2007 Eminent Domain Report Card: California Gets A “D-”

Matt Powers
Matt Powers · June 6, 2007

Arlington, Va.—California home and small business owners have reason to be concerned according to a 50-state eminent domain report card released today. In the two years since the infamous Kelo eminent domain ruling from the U.S. Supreme Court that allowed eminent domain for private gain, California’s legislature seriously considered no meaningful reform and the state’s abusive redevelopment statutes continue to leave all property owners at risk.

“California homeowners are no more protected from eminent domain abuse today than they were the day the Kelo decision was announced,” said Steven Anderson, director of the Castle Coalition, a national grassroots organization that examined and graded eminent domain laws for each of the 50 states since the Kelo ruling. Read the report at: www.CastleCoalition.org/publications/report_card.

The report stated, “As citizens of an environmentally conscious state, Californians will be disappointed to know that the five eminent domain bills signed into law in 2006 were basically a waste of paper. In a state where thousands of properties have been threatened and/or condemned in the last decade, these bills scarcely hinder the rampant abuse of eminent domain.”

The report pointed out that California is the home state of Congresswoman Maxine Waters, one the champions of eminent domain reform at the federal level, yet the State Assembly dismissed more robust and permanent protections for private property rights and instead passed a package of five bills that do very little to ensure that citizens’ homes and businesses are safe from tax-hungry government officials and land-hungry developers. Senate Bills 53, 1206, 1210, 1650, and 1809 create a few additional procedural hoops for condemning authorities to jump through, such as requiring more details about the proposed use of the targeted property and additional findings of blight when renewing a blight designation. These bills are mostly cosmetic and will not prevent determined officials from taking private property for another private party’s benefit.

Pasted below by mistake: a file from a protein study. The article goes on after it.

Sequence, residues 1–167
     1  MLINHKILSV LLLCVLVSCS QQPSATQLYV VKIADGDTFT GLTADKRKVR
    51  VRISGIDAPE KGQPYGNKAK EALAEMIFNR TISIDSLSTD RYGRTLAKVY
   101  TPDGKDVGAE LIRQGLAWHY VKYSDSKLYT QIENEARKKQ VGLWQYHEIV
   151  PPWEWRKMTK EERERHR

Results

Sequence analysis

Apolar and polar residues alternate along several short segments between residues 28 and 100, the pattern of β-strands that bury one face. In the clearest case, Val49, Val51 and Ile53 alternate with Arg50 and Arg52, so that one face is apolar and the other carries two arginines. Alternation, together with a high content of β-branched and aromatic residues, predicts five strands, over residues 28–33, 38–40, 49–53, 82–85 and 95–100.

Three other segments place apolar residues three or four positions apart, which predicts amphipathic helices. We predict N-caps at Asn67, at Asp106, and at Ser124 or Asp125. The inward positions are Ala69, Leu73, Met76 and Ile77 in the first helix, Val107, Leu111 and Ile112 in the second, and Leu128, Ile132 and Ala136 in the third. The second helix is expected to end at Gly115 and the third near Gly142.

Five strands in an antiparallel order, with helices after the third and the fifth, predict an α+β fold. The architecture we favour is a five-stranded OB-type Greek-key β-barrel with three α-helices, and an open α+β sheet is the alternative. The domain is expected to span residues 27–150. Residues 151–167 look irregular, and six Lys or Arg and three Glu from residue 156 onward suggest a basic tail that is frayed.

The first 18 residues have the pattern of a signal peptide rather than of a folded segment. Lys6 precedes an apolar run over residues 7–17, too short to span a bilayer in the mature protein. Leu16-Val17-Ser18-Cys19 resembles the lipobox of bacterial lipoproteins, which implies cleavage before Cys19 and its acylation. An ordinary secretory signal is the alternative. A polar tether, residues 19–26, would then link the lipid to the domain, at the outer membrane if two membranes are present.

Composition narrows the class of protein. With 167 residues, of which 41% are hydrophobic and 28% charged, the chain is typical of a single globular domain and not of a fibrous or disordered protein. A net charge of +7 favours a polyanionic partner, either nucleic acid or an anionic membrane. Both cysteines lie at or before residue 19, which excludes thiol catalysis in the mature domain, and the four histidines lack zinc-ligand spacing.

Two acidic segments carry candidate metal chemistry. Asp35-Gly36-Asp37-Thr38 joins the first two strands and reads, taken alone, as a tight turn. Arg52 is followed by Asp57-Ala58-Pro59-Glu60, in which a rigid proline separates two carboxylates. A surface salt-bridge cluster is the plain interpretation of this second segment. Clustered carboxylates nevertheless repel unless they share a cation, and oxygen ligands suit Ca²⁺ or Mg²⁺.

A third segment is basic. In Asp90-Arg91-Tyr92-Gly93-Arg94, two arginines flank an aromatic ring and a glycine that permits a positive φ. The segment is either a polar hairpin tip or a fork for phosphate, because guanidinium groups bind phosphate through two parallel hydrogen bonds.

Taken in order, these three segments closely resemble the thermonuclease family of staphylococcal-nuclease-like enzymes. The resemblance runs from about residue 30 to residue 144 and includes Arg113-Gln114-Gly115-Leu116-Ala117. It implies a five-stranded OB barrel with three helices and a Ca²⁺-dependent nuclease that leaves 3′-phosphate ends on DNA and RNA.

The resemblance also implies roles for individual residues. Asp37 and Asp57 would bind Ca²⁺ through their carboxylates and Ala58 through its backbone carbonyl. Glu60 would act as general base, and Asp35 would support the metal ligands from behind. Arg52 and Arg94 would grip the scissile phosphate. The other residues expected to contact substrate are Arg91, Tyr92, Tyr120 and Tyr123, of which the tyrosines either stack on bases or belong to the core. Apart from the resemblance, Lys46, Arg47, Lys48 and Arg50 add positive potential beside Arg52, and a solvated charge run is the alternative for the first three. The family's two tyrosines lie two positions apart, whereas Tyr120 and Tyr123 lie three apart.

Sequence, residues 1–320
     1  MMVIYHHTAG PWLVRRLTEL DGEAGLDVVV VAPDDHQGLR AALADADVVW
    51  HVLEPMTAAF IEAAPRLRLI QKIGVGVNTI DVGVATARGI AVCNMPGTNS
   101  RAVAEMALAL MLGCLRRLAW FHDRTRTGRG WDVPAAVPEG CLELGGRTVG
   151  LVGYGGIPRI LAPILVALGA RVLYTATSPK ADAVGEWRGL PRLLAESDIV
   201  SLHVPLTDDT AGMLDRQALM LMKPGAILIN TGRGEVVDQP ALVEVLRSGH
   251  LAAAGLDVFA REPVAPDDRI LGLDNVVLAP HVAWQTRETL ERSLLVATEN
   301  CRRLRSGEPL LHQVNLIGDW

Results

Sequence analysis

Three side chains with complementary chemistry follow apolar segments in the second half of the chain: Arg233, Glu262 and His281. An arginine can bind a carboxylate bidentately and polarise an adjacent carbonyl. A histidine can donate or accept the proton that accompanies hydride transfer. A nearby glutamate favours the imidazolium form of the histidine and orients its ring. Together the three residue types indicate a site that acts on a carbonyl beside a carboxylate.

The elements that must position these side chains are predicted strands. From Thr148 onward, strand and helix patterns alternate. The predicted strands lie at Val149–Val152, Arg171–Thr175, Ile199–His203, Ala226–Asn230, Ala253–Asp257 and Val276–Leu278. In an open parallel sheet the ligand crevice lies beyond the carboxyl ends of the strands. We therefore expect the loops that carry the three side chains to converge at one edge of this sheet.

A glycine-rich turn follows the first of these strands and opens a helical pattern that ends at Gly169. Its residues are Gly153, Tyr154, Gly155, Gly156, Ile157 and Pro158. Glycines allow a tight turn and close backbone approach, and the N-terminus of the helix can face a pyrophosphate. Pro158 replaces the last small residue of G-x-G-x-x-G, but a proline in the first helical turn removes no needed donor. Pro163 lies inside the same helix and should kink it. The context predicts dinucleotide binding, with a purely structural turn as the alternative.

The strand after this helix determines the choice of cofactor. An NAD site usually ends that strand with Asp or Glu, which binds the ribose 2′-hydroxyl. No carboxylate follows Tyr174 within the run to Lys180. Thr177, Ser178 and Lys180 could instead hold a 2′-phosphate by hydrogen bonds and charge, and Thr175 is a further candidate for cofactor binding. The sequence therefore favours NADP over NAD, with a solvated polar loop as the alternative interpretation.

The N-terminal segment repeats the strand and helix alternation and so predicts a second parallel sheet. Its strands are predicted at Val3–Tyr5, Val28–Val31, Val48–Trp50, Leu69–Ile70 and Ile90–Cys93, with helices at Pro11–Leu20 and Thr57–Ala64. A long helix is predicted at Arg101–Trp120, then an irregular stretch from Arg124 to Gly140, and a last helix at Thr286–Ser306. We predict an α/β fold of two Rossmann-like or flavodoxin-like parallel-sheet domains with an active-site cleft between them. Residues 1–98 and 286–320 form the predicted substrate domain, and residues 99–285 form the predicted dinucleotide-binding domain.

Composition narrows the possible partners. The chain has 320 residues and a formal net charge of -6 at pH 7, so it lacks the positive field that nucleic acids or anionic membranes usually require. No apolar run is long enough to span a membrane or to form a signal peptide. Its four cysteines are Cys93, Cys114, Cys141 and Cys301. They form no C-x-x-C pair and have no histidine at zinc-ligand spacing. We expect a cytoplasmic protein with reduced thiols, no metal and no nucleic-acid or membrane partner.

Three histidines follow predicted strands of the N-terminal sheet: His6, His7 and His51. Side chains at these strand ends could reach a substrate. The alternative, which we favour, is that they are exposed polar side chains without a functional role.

According to the report, Senate Bill 1206 came the closest to substantive reform by trying to address California’s broad definition of blight, but it failed to make any significant changes. The state’s redevelopment statutes still leave almost any property at risk of condemnation. If Californians’ properties are truly going to be protected, the Legislature must ensure that properties may be taken only if they are an immediate threat to public health and safety, and that this assessment must be made on a property-by-property basis.

In November 2006, Californians considered Proposition 90, a ballot initiative that, if passed, would have addressed property rights protections in the state constitution. Unfortunately, even that proposed amendment lacked the strong public use language necessary to ensure the security of homes, businesses, farms, and houses of worship. Probably because of a highly controversial provision on regulatory takings, the measure narrowly failed.

Among the states that passed the strongest reforms protecting property owners are Florida, Michigan, Nevada, New Mexico, North Dakota and South Dakota, each of which received an A or A- grade. States that received F’s were: Arkansas, Connecticut, Hawaii, Maryland, Massachusetts, Mississippi, New Jersey, New York, Oklahoma and Rhode Island.

“In only two years since Kelo, 41 states have reformed their laws to offer greater protection to small property owners,” said Jenifer Zeigler, legislative affairs attorney with the Castle Coalition. “But much more work remains if homeowners, small business owners, churches and farmers in California and beyond are to be safe from the unholy alliance of tax-hungry governments and land-hungry developers.”

The report seeks to step back and evaluate the legislative work that has been done and is left to do. It finds, “Some states have passed model reforms that can serve as an example for others. Some states enacted nominal reform—possibly because of haste, oversight or compromise—and need to know what is left to fix. And finally, there are those states that have failed to act altogether, leaving home, farm, and business owners threatened by Kelo-type takings and beyond.”

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[NOTE: To arrange interviews on this subject, journalists may call John Kramer, the Institute for Justice’s vice president for communications, at (703) 682-9320 ext. 205 or in the evening/weekend at (703) 527-8730. For more information on eminent domain abuse, visit www.ij.org or www.castlecoalition.org.]